†† We know from the record given last week that the earlier members of the Matthews family were born in North Carolina. We also know that John Matthews, of Maury County, in the long gone years, had been a citizen of Mecklenburg County, N. C. We also know that the Davis family was connected with the Matthews family. So here would appear something of the nature of a confirmation of some of these facts. Jefferson Davis, president of the Confederacy, was related to the Matthews who formerly lived on Peyton's Creek in Smith County, Tennessee. Much of the information above given is from Tombstone Inscriptions and Historical Manuscripts, copyrighted in 1933 by Robert Acklen, and credit is hereby extended.
†† We find the following record of Matthews in the old family Bible which belongs to the heirs of George L. Matthews, deceased, formerly of Franklin, Tennessee.
†† Luke Matthews, born March 15, 1739; Lucy Matthews, daughter of Richard and Joanna Fox, born November 28, 1747, and the wife of Luke Matthews, whom she married January 26, 1766; Angelila Matthews, daughter of Luke and Lucy, born June 28, 1767; Hannah Matthews, born September 25, 1768; Elizabeth Matthews, born May 14, 1772; Lucy Matthews, born October 27, 1774; John Matthews, born March 9, 1777; Luke Matthews, Jr., born August 22, 1779; Isham Matthews, born April 2, 1782; Nancy Matthews, born October 11, 1785; Drury Matthews, born September 4, 1788.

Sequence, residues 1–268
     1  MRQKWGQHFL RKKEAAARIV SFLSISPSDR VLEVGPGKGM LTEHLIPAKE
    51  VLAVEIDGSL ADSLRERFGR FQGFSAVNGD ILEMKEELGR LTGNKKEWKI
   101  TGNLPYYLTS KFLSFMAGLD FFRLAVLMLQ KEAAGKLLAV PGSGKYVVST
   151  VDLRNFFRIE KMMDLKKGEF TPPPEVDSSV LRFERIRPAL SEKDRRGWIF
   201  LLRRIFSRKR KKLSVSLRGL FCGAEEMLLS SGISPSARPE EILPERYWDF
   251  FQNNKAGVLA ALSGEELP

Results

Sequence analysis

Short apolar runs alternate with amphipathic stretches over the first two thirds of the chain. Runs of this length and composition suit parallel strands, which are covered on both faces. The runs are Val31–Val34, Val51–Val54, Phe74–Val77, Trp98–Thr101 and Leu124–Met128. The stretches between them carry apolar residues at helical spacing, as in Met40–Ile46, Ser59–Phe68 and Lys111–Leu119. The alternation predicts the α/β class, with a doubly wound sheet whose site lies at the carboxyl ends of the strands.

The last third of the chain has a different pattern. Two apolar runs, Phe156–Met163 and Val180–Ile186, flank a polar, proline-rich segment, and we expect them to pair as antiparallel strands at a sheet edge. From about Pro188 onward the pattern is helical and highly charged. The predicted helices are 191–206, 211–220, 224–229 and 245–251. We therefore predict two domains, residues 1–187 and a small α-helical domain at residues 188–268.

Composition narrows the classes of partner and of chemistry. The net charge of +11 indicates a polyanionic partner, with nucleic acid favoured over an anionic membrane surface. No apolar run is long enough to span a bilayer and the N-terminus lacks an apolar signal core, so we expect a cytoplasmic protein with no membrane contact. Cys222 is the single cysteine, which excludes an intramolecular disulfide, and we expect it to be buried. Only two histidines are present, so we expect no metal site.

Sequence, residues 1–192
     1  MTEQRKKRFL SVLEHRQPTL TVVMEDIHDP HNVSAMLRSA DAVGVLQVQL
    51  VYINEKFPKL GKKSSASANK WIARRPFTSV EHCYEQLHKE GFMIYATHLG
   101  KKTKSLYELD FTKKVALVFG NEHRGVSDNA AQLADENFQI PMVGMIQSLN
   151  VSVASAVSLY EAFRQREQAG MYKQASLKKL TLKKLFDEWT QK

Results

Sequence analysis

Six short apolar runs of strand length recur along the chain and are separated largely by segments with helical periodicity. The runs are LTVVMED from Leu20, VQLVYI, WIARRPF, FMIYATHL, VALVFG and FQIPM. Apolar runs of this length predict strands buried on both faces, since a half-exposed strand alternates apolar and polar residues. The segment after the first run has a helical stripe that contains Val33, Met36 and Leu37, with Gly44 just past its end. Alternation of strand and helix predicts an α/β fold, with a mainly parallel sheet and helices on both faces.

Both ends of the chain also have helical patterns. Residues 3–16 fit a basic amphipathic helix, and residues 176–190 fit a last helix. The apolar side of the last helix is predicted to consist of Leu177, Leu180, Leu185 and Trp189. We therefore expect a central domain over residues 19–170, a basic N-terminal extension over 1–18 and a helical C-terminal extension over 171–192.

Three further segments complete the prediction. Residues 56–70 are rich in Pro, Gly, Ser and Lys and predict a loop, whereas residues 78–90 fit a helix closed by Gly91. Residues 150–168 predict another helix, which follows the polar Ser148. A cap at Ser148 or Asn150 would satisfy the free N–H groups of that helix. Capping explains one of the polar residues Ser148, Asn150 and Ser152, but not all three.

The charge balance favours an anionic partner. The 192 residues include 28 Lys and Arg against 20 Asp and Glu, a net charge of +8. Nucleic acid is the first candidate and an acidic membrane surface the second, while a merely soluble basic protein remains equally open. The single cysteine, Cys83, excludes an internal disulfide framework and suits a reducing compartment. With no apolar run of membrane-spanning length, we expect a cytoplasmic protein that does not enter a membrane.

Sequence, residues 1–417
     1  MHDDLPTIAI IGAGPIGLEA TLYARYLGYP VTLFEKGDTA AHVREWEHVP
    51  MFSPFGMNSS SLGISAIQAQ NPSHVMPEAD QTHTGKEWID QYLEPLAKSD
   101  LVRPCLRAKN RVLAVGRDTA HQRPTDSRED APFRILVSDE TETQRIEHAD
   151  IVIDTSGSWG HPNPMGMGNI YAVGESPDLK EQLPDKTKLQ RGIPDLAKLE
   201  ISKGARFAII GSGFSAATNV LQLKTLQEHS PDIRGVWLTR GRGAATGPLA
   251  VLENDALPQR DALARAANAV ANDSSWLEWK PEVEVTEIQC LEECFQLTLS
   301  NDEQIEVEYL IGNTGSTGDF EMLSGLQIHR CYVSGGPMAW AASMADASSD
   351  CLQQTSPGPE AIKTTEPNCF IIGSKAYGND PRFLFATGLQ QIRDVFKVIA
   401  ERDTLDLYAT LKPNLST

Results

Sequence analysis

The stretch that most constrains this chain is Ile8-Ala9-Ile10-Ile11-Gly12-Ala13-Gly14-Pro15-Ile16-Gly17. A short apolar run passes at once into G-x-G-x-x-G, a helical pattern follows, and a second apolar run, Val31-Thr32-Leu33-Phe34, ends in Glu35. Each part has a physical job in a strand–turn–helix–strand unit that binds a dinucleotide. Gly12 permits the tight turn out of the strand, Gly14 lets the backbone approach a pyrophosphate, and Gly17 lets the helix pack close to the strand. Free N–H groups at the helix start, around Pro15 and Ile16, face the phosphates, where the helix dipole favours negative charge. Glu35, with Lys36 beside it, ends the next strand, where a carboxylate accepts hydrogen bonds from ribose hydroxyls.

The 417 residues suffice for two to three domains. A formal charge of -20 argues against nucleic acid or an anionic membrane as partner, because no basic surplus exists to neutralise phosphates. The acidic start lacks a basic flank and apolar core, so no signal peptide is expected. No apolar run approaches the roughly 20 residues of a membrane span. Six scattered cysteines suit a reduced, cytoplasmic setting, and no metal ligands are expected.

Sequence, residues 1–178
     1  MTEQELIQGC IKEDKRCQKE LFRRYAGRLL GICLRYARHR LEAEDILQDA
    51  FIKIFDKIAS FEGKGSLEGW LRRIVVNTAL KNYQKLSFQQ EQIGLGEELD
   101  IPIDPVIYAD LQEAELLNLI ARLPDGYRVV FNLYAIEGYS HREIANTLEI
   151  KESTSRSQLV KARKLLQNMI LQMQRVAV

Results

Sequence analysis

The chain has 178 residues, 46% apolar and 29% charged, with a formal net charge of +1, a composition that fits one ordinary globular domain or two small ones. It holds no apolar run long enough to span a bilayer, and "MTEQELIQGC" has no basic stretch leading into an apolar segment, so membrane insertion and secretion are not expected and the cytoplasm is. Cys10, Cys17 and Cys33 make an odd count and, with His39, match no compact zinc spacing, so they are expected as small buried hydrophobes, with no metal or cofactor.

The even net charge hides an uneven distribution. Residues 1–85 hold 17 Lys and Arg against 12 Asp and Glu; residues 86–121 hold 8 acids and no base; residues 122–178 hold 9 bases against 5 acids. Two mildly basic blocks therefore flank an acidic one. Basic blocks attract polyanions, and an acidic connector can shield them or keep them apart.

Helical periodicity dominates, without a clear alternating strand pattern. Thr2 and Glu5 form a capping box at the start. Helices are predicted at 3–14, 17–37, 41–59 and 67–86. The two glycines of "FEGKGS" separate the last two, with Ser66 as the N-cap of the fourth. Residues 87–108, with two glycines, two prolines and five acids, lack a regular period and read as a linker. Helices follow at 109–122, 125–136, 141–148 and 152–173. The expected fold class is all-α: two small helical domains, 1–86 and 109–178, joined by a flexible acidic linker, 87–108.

†† Luke Matthews, husband of Lucy Matthews, departed this life April 7, 1788. Lucy Matthews, wife of Luke, Matthews, departed this life February 12, 1831. It should be added that most of these names were spelled Mathews, in the old family Bible above referred to.
†† In Knox County, Tennessee, on November 19, 1796, William Matthews married Mary Taylor. In the same county on September 26, 1801, Britton Matthews married Patsy Browder.
†† The information about the Matthews family in the four preceding paragraphs was gleaned largely from Bible Records and Marriage Bonds, by Jeanette Tillotson Acklen, and credit therfore is hereby given.
†† While we have been giving quite a lot of time to the Matthews family history, we are not unmindful of one of the greatest needs among the Baptists of Middle Tennessee. We need a late history of our churches, Associations and ministers.† Elder J. H. Grime, of blessed memory, gave us 50 years ago an outstanding contribution to our history from a standpoint of Middle Tennessee. However, this work has long been out of print and should be brought up to date and re-published. The writer has been asked by various interested parties to undertake the work. But we feel unequal to the task, nor do we have time, with the many, many tasks that are ours already. But we would be glad to lend a helping hand toward such a worthy aim.
†† We desire to publish our records of family history, but we are hard pressed for both time and information. But we will strive to continue this work as we have opportunity, amidst the many cares of life, will take a lenient view of our efforts to preserve the history of our various families.